Anna of Cleves Breaks the News to Wilhelm

by Heather R. Darsie   On 21 July 1540, Anna of Cleves was no longer allowed to hide the truth from her brother Wilhelm about her marriage’s end. Henry had grown impatient waiting for Anna to write her family. Anna waited as long as she could, hoping that Henry would either directly send a letter to Duke Wilhelm in Cleves, or that one of Henry’s … Continue reading Anna of Cleves Breaks the News to Wilhelm

Anna of Cleves Learns her Marriage is Annulled

by Heather R. Darsie On 9 July 1540 while she was at Richmond, Anna was told that her marriage to Henry VIII was unlawful. Her marriage annulled, Anna was no longer Queen Consort of England. “Anna reportedly wailed and screamed when Henry’s representatives came to deliver the news of the annulment. A few days before, Henry covered his tracks by ordering…[for] ‘counsel learned in those … Continue reading Anna of Cleves Learns her Marriage is Annulled

Gloriana’s Rainbow: Elizabeth I and the Rainbow Portrait

by Heather R. Darsie One of the most iconic images of Elizabeth I in full array as Gloriana, the Virgin Empress of the Seas, is the Rainbow Portrait, painted around 1600. Elizabeth turned 67 years old in 1600. She became Queen of England in 1558, and the weight of her responsibilities was surely showing on her face by this point. Elizabeth was a master of … Continue reading Gloriana’s Rainbow: Elizabeth I and the Rainbow Portrait

Happy 504th Birthday, Anna of Cleves!

by Heather R. Darsie On this day of 28 June in 1515, a little baby girl was born in the Holy Roman Empire whose life would be dramatically shaped by international politics. The baby was christened, “Anna,” after her paternal aunt. “Anna” was a family name on her maternal side, as well. Anna of Cleves’ great-grandmother through Maria of Juelich-Berg was Anna of Saxony. Anna … Continue reading Happy 504th Birthday, Anna of Cleves!

Happy 505th Birthday, Anna of Cleves!

by Heather R. Darsie On this day of 28 June in 1515, a little baby girl was born in the Holy Roman Empire whose life would be dramatically shaped by international politics. The baby was christened, “Anna,” after her paternal aunt. “Anna” was a family name on her maternal side, as well. Anna of Cleves’ great-grandmother through Maria of Juelich-Berg was Anna of Saxony. Anna … Continue reading Happy 505th Birthday, Anna of Cleves!

The First Hint of Trouble: An Early Spat Between the Johann II of Cleves and Elector Frederick of Saxony

by Heather R. Darsie This article first appeared on History, the Interesting Bits . Throughout the late 15th and early 16th century, various disputes over territory sprung up across the German-speaking portions of the Holy Roman Empire. In 1517, a new facet of rebellion against the Empire was introduced in Saxony when Martin Luther’s 95 Theses became known. Maximilian I was still the Holy Roman Emperor in … Continue reading The First Hint of Trouble: An Early Spat Between the Johann II of Cleves and Elector Frederick of Saxony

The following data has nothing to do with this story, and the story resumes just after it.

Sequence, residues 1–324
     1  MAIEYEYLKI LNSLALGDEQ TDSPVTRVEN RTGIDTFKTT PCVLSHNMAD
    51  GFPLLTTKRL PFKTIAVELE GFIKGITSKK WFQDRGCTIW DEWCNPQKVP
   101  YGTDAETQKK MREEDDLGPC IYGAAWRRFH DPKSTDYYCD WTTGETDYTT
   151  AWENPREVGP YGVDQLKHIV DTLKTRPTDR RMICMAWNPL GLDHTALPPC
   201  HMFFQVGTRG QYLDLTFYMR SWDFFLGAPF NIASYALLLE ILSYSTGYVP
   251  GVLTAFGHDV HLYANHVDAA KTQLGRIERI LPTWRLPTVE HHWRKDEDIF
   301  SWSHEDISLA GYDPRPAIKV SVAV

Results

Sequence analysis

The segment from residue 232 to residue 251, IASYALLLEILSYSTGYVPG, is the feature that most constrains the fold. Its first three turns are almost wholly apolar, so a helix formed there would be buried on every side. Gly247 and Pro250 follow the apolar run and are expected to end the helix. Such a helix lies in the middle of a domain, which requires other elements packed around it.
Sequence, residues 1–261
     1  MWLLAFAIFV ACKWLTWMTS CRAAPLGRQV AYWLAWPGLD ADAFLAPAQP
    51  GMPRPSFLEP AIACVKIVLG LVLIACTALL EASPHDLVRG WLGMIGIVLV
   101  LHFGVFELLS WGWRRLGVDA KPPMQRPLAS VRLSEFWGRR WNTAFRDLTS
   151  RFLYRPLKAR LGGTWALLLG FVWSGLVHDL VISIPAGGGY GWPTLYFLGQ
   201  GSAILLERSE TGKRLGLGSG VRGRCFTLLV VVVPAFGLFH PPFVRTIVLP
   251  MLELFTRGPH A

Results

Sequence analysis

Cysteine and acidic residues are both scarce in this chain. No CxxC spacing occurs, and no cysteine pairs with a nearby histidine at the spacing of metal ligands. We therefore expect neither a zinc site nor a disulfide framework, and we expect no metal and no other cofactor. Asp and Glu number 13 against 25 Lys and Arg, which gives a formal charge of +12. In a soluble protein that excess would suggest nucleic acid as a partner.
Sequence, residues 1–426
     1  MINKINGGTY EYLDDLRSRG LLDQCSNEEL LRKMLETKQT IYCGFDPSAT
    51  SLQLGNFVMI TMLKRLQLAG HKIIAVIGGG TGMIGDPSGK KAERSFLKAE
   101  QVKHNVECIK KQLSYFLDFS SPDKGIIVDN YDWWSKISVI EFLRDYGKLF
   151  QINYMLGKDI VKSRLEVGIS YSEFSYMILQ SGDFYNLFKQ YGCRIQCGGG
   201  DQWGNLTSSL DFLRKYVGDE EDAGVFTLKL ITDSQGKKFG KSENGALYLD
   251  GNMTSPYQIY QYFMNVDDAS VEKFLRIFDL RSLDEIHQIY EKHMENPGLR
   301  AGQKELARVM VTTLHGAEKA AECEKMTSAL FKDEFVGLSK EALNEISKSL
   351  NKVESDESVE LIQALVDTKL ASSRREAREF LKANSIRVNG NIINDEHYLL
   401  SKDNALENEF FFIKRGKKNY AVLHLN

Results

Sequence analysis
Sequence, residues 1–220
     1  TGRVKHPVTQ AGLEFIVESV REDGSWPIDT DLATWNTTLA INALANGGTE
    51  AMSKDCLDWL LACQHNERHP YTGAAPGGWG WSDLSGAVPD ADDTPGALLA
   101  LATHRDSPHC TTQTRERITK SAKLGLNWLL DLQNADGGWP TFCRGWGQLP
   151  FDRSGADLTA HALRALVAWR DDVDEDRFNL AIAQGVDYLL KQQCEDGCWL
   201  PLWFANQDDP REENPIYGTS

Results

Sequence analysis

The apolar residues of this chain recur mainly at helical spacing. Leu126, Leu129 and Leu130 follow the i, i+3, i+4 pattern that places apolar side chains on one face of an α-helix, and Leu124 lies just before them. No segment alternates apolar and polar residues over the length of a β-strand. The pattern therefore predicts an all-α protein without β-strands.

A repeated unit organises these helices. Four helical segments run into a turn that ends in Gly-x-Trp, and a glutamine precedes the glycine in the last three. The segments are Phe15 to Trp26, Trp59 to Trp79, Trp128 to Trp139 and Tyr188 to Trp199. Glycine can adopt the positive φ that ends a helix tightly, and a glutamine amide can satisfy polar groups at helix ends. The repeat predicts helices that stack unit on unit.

Anna of Cleves’ Maternal Grandparents: Wilhelm IV and III of Jülich-Berg and Sibylle of Brandenburg

by Heather R. Darsie This article first appeared on Sarah Bryson’s website.  In honor of Charles T.  Reice, 1926-2019. Reice served in the US army during World War II, including landing on the beaches of Normandy. He is remembered as a loving husband, father, grandfather, and great-grandfather.  Wilhelm of Jülich-Berg was born 9 January 1455 to Gerhard of Jülich-Berg, from the Heimbach branch of the Dukes of … Continue reading Anna of Cleves’ Maternal Grandparents: Wilhelm IV and III of Jülich-Berg and Sibylle of Brandenburg

The Curious Case of a Misidentified Portrait of Anne Boleyn

by Heather R. Darsie On 13 April 1929, the Supreme Court of New York heard the curious case of Hahn v. Duveen, in which an art collector  named Mrs. Andree Hahn sued an art dealer named Sir Joseph Duveen for slander. At the heart of the issue was an alleged original painting which Ms. Hahn stated depicted Anne Boleyn and was painted by none other … Continue reading The Curious Case of a Misidentified Portrait of Anne Boleyn

The Poetry of Anne Boleyn: Sir Thomas Wyatt’s Sorrow

by Heather R. Darsie After Anne Boleyn’s startling arrest on 2 May 1536, several other men accused of being her accomplices in treasonous adultery were arrested. Sir Thomas Wyatt himself was arrested, but later released without charges. While he was in the Tower, it is traditionally thought that Wyatt wrote the following poem: Believed to be a late 16th century copy of a portrait of … Continue reading The Poetry of Anne Boleyn: Sir Thomas Wyatt’s Sorrow

The Poetry of Anne Boleyn: Sir Thomas Wyatt’s Anger

by Heather R. Darsie Another poem written by Sir Thomas Wyatt and allegedly about Anne Boleyn shows how upset he was at Anne for losing her. Calling her an old mule and pointing out that she now had a few grey hairs, Wyatt repeatedly calls the subject of the poem a “mule.” Devira Achille, protrait of Anne Boleyn for a lithography project in 2016, via … Continue reading The Poetry of Anne Boleyn: Sir Thomas Wyatt’s Anger